Encyclopedia of Anti-Revisionism On-Line

Three Letters to Canadian Revolution in response to the letter of the Guelph Workers Committee

First Published: Canadian Revolution No. 4, November/December 1975
Transcription, Editing and Markup: Malcolm and Paul Saba
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Dear Comrades,

This letter is written in response to the Guelph Workers Committee’s attack on CANADIAN REVOLUTION. It is our position that the GWC have ignored the concrete conditions now confronting the Marxist-Leninist movement in Canada and so have failed to understand the nature of the tasks demanded by these conditions.

The professed basis for the GWC’s attack is their adherence to the struggle for principled Marxist-Leninist leadership of the revolutionary movement in the country. As we hope this letter makes clear, however, the GWC’s application of principles amounts to nothing more than dogmatism and opportunism. The effects of their proposals would be a severe setback to the development of Marxist-Leninist struggle at this time in Canada. This becomes clear as soon as we look behind the GWC’s proclamations of revolutionary fervour to the real content of their criticisms and the nature of their conclusions.

The GWC accuses CR of two fundamental errors: (1) “acceptance of the low ideological level of our movement, actually perpetuating this low level by providing a forum for debate with no clear ideological leadership”; and (2) “providing organizational leadership to a tendency with no ideological clarity or clearly stated principles of unity. The GWC characterizes these two errors as (1) right opportunism and (2) left opportunism.

What substance have these criticisms? Let us take the so-called “left-opportunist error” first. The content of this criticism is more clearly revealed earlier in the GWC letter, where it states: “CANADIAN REVOLUTION is fighting for the creation of the party; is trying to unite Marxist-Leninists through the necessary pre-party debate; and is building national organization through the production and distribution of thejournal.” In other words, CR has taken on a vanguard role in relation to the movement as a whole, is building a national organization that aims to become a party.

This is nothing but the most opportunistic juggling of CR’s real goals and positions. Because CR (along with all Marxist-Leninists) recognizes the need for a revolutionary party; because they also recognize the necessity for widespread struggle, debate and analysis as part of the process leading to this goal; and because they have taken steps to promote the resolution of this immediate need – they are accused of secretly plotting to take organizational leadership of the whole process. The GWC have been obliged to search frantically for some shred of evidence to back up this claim. And what have they found? That CR “works to build national distribution and thus national coordination.” Distribution network equals organization equals “leadership in the process of party-building”. Poppycock!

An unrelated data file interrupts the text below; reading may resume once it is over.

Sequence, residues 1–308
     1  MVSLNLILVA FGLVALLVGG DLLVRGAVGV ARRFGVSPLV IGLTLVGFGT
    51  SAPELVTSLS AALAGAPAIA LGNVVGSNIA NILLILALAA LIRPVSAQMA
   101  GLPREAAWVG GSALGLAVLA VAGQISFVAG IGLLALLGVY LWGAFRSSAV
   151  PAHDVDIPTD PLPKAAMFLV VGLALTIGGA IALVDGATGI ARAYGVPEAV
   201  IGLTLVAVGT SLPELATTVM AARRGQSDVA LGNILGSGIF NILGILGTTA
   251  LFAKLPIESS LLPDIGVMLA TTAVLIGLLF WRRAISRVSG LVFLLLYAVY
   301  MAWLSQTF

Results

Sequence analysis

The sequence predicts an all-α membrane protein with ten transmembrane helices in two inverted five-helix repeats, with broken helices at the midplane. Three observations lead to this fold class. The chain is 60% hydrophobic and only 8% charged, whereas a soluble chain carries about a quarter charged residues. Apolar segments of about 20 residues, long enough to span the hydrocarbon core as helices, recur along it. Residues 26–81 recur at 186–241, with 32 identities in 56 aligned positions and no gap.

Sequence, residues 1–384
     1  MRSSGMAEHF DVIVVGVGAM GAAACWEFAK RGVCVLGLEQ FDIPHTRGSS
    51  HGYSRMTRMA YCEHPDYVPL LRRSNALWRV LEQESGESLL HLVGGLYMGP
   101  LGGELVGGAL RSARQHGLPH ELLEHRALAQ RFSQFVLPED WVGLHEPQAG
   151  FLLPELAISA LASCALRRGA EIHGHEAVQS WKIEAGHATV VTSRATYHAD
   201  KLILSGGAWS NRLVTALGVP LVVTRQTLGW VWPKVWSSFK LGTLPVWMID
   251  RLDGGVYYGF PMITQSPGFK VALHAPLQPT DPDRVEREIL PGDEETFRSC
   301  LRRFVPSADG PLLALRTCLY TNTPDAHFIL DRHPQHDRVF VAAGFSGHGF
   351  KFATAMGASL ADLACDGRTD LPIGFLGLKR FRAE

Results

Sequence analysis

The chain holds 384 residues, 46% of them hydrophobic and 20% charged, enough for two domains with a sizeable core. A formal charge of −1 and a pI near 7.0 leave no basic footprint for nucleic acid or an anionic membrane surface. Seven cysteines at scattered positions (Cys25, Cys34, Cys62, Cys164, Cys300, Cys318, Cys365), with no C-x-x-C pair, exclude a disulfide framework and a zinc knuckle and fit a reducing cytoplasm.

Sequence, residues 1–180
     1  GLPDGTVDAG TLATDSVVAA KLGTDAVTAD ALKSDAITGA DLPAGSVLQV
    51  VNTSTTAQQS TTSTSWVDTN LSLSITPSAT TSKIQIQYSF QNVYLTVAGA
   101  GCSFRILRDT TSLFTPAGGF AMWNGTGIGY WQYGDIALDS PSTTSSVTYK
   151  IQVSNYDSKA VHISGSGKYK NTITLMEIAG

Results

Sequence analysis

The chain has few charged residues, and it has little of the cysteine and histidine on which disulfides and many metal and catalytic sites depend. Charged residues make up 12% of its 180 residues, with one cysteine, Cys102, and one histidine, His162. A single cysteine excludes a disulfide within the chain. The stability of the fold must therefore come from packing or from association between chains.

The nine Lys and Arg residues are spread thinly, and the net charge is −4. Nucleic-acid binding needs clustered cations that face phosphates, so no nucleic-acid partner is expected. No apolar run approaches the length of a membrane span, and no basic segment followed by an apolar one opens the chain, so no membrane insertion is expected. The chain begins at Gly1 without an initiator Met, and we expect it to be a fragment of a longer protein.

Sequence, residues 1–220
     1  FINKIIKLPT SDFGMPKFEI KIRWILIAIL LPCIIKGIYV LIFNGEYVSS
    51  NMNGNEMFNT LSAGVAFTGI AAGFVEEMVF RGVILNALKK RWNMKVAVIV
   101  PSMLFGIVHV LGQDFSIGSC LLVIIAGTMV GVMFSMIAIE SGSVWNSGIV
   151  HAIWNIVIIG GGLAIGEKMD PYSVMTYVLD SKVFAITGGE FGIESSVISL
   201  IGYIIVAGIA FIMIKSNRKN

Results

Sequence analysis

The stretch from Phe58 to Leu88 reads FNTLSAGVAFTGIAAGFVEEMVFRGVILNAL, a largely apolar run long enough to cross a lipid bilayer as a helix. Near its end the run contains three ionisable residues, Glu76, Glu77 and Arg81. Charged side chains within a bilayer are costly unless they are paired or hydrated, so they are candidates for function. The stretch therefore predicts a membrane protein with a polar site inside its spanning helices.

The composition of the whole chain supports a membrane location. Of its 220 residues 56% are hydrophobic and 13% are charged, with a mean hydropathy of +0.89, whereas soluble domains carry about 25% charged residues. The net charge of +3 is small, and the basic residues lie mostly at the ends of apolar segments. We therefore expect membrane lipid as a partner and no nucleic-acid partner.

As for the rest of this criticism – that CR has “no ideological clarity or clearly stated principles of unity” – more poppycock. CR has ideological clarity on which questions the movement should be confronting now, and who should and should not be confronting them within the pages of a Marxist-Leninist journal. The collective has outlined as its basis of unity those principles necessary for the struggle to develop positions and a correct political line, a basis of unity which is both necessary and appropriate for the task they have taken on. The GWC rejects these because they are incorrect for a vanguard organization intent on party-building. But they can offer no proof that CR either is or should be such an organization.

Let us move on to the GWC’s other criticism of CR – that the Journal accepts “the low ideological level of our movement, actually perpetuating this low level by providing a forum for debate with no clear ideological leadership” (earlier referred to as “diffuse and undefined petit-bourgeois ideology” and “bourgeois ideological leadership”). This perpetuation of the low ideological level, according to the GWC, results because “the political unity of CR is designed for accomodation of ideological differences and the blurring of class lines”, for compromise and unprincipled unity rather than principled struggle.

This criticism is also based on the GWC’s insistence that meet the criteria of a vanguard organization, that anything less can only be “bourgeois” and/or “petit-bourgeois”. Our own analysis of conditions within the Canadian revolutionary movement leads us to a much different conclusion. First, however, let us lay bare two more examples of the GWC’s unprincipled method of debate.